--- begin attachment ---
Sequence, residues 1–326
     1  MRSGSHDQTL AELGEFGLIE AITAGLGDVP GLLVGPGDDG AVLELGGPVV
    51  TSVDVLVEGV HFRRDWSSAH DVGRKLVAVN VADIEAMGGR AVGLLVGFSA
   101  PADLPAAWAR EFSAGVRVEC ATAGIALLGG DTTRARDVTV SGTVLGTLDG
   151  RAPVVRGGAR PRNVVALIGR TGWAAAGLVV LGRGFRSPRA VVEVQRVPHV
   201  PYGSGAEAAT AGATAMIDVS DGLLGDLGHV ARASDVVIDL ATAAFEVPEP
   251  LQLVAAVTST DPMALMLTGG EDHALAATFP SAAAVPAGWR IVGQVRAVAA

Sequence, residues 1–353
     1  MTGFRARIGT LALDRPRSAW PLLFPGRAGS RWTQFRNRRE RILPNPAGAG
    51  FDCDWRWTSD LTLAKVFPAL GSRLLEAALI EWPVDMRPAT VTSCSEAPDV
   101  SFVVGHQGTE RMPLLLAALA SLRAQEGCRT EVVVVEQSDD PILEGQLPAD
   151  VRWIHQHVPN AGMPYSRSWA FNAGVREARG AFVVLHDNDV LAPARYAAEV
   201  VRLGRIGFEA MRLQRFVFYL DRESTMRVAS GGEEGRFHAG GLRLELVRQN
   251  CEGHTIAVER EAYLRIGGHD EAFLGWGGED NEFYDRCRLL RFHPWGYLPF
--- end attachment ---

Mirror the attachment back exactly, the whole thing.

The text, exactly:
Sequence, residues 1–326
     1  MRSGSHDQTL AELGEFGLIE AITAGLGDVP GLLVGPGDDG AVLELGGPVV
    51  TSVDVLVEGV HFRRDWSSAH DVGRKLVAVN VADIEAMGGR AVGLLVGFSA
   101  PADLPAAWAR EFSAGVRVEC ATAGIALLGG DTTRARDVTV SGTVLGTLDG
   151  RAPVVRGGAR PRNVVALIGR TGWAAAGLVV LGRGFRSPRA VVEVQRVPHV
   201  PYGSGAEAAT AGATAMIDVS DGLLGDLGHV ARASDVVIDL ATAAFEVPEP
   251  LQLVAAVTST DPMALMLTGG EDHALAATFP SAAAVPAGWR IVGQVRAVAA

Sequence, residues 1–353
     1  MTGFRARIGT LALDRPRSAW PLLFPGRAGS RWTQFRNRRE RILPNPAGAG
    51  FDCDWRWTSD LTLAKVFPAL GSRLLEAALI EWPVDMRPAT VTSCSEAPDV
   101  SFVVGHQGTE RMPLLLAALA SLRAQEGCRT EVVVVEQSDD PILEGQLPAD
   151  VRWIHQHVPN AGMPYSRSWA FNAGVREARG AFVVLHDNDV LAPARYAAEV
   201  VRLGRIGFEA MRLQRFVFYL DRESTMRVAS GGEEGRFHAG GLRLELVRQN
   251  CEGHTIAVER EAYLRIGGHD EAFLGWGGED NEFYDRCRLL RFHPWGYLPF